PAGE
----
EDU310 Issues in Diversity and World Cultures

for FA 2009

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Mission Statement: The mission of Park University, an entrepreneurial institution of learning, is to provide access to academic excellence, which will prepare learners to think critically, communicate effectively and engage in lifelong learning while serving a global community.

School For Education Mission Statement
The School for Education at Park University, an institution committed to diversity and best practice, prepares educators to be effective school professionals, reflective change agents, and advocates for equity and excellence for all learners.

Vision Statement: Park University will be a renowned international leader in providing innovative educational opportunities for learners within the global society.

School For Education Vision Statement
The School for Education at Park University is to be known as a leader in the preparation of educators who will address the needs, challenges, and possibilities of the 21st century.

Park University School for Education  Conceptual Framework


EDU 310 Issues in Diversity and WorldCultures


FA 2009 HOB


Kasperbauer, Kimberly


Asst Professor

Office Location

227 Copley Hall

Office Hours

M, W: 10-2; T: 2:30-3:30

Daytime Phone



Class Days


Class Time

10:10 - 11:25 AM

Credit Hours



Ladson-Billings, G. (1994). The Dreamkeepers: Successful Teachers of African American Children. San Francisco, CA: Jossey-Bass.

Fadiman, A. (1997) The Spirit Catches You and You Fall Down New York: Farrar, Strauss & Giroux.

·        Additional course readings will be supplemented throughout the semester. If not provided in class or on the course website, these readings will be on reserve at the McAfee Library.

Recommended Course Textbook:

Gollnick, Donna M., Chinn, Philip C. Multicultural Education in a Pluralistic Society. 8th ed. Upper Saddle River, NJ: Pearson Education, Inc.


Required: All Park University teacher candidates seeking certification and licensure must purchase Foliotek, the School for Education’s electronic portfolio system. As purchasing and accessing Foliotek is a multi-step process, please follow these instructions: 

1.      Decide the Contract Period and fee for which you will be paying. Minimally, you must purchase a contract which extends to the year you expect to graduate, however some students purchase a contract extending one year beyond graduation. 

 Contract Period    

 Contract Fee

Per Student (Prepaid)

Cost Breakdown

Per Student, Per Year

 1 year



 2 years



 3 years



 4 years



 5 years



6 years



2.      Send an email to Carol Williams ( with the following information:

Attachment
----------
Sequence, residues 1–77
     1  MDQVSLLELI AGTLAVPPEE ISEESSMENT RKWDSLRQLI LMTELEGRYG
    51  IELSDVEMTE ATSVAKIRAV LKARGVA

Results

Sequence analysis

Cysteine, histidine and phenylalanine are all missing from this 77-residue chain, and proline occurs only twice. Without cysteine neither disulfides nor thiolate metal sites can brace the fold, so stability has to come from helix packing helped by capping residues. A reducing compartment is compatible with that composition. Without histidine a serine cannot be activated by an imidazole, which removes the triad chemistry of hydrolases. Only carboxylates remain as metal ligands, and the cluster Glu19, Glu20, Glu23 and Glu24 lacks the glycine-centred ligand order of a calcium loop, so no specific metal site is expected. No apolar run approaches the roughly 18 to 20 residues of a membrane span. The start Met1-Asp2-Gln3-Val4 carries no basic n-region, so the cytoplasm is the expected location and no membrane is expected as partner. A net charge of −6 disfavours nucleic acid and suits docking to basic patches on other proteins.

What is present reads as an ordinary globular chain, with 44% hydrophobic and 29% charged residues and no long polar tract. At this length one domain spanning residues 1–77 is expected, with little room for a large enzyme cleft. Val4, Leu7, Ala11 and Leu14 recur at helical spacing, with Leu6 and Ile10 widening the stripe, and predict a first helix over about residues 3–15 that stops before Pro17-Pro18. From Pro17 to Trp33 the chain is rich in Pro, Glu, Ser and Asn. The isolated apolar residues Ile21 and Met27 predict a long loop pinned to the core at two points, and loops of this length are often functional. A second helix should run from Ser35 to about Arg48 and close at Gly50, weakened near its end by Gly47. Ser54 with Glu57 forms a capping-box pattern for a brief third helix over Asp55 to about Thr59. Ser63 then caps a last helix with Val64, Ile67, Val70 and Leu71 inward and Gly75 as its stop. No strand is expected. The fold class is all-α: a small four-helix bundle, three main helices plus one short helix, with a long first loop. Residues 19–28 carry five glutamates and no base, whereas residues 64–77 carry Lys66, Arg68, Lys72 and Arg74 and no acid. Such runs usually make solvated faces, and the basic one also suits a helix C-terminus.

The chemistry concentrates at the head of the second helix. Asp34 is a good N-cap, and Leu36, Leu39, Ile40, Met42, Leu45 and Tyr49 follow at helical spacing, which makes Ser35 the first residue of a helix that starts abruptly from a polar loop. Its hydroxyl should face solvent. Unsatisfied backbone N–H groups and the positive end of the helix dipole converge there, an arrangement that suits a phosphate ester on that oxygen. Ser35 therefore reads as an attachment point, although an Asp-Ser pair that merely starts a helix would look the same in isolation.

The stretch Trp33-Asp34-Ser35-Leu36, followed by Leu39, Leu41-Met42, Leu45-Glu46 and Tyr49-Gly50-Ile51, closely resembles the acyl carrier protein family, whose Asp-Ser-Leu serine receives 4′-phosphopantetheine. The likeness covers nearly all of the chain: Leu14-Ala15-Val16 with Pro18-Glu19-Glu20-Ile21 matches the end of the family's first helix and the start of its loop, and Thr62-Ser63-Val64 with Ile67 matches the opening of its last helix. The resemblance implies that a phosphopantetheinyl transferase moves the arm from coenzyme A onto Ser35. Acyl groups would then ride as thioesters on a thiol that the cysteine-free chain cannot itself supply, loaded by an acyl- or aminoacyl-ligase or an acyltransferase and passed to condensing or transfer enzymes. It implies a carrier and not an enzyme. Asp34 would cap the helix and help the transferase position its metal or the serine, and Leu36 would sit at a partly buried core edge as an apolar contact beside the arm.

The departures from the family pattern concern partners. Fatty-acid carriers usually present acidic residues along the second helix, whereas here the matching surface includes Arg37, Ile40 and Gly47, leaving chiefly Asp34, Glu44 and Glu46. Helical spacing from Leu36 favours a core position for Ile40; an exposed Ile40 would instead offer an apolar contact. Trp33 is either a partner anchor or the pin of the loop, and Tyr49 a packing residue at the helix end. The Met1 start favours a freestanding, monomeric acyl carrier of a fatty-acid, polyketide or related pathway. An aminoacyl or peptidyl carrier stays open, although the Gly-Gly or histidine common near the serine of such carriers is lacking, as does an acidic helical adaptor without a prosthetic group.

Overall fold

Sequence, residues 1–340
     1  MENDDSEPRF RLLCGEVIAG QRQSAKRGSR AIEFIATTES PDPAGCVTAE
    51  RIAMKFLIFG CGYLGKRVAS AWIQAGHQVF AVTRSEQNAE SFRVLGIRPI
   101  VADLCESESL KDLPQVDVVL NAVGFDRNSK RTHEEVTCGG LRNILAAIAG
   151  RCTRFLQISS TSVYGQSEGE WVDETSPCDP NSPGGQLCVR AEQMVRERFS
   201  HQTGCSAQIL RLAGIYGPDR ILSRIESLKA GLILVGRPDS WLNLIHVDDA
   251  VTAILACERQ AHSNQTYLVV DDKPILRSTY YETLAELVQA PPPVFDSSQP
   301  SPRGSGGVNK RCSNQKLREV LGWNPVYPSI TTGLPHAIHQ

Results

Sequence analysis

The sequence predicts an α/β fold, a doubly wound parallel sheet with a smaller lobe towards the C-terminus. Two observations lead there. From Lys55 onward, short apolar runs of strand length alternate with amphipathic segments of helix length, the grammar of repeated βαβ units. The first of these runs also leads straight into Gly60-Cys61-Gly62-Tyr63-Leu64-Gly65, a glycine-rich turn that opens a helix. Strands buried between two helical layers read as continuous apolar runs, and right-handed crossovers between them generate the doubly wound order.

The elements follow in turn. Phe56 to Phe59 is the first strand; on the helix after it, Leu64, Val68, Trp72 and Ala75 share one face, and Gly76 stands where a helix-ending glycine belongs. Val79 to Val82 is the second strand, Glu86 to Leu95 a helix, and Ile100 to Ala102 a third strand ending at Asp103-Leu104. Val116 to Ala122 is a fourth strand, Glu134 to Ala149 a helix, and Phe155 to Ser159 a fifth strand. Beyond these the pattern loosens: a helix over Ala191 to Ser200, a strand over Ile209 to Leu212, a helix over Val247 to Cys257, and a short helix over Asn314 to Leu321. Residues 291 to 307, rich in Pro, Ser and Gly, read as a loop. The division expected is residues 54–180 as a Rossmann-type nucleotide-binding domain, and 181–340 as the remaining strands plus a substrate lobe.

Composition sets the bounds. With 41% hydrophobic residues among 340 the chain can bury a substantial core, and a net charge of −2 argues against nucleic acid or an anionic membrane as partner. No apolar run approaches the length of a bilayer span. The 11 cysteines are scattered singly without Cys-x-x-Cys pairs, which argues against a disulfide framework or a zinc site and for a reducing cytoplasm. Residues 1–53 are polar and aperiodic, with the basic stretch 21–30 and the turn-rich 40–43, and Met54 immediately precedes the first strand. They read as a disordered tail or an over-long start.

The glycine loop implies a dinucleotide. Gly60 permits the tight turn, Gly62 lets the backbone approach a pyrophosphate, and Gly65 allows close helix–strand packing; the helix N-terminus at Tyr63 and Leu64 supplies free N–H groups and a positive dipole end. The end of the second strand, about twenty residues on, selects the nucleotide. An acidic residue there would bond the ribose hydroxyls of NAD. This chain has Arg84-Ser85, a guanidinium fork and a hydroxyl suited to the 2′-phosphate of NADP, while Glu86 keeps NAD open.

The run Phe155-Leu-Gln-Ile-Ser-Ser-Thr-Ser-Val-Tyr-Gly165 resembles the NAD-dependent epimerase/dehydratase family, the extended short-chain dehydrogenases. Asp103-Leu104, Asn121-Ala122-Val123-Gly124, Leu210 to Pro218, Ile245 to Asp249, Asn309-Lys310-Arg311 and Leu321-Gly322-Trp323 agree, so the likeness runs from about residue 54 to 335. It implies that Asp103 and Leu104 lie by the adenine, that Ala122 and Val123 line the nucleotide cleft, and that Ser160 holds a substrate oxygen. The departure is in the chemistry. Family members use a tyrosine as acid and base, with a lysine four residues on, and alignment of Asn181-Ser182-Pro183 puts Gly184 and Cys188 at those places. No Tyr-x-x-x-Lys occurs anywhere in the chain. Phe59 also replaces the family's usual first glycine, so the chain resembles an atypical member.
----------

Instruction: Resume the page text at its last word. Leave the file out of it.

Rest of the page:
·        Your Name

·        The Contract Period you wish to purchase

·        Your student identification number

3.      Within a few days, you will receive from Foliotek an email with online purchasing information. Upon receipt of this email, purchase your Foliotek contract.

4.      Upon receipt of your payment, you will receive your login information. You must then send a final email to Carol Williams (, requesting she provide your current education professors and a academic advisor (list them) access to view your portfolio. It is imperative you complete this final step!!


Textbooks can be purchased through the MBS bookstore

Textbooks can be purchased through the Parkville Bookstore

Additional Resources:

McAfee Memorial Library - Online information, links, electronic databases and the Online catalog. Contact the library for further assistance via email or at 800-270-4347.
Career Counseling - The Career Development Center (CDC) provides services for all stages of career development.  The mission of the CDC is to provide the career planning tools to ensure a lifetime of career success.
Park Helpdesk - If you have forgotten your OPEN ID or Password, or need assistance with your PirateMail account, please email or call 800-927-3024
Resources for Current Students - A great place to look for all kinds of information

Course Description:
EDU310 (MLL) Issues in Diversity & World Culture: This course deals with issues of, equity and justice in education including gender, race, class, age, and non native English speakers while emphasizing the cultural diversity found in schools. Students will be exposed to educational situations that exemplify diversity, while reflecting on and grappling with such difficult subjects as religion, cultural competence, ethnocentricity, sexual orientation, and white privilege. Students are expected to engage in deep reflection and critical analysis of society and the impact of diversity in the school setting. 3:0:3

Educational Philosophy:

In a safe, supportive environment which fosters collaboration, critical thinking, group and individual problem-solving and especially honest, open reflection, all students learn to apply newly learned theories and concepts of the subject at hand to the practice of teaching in a practical, efficient way.

Class Assessment:

Student learning will be assessed by way of a final paper project; online journaling and online class discussions based on supplementary readings, a written reflection and shared discussion of a volunteer experience; written reflections and discussion of assigned books; 2 quizzes; 2 class debates; 2 short presentations with accompanying handouts; and by way of attendance and participation, which includes a number of in-class assignments that may not be made up in case of absence.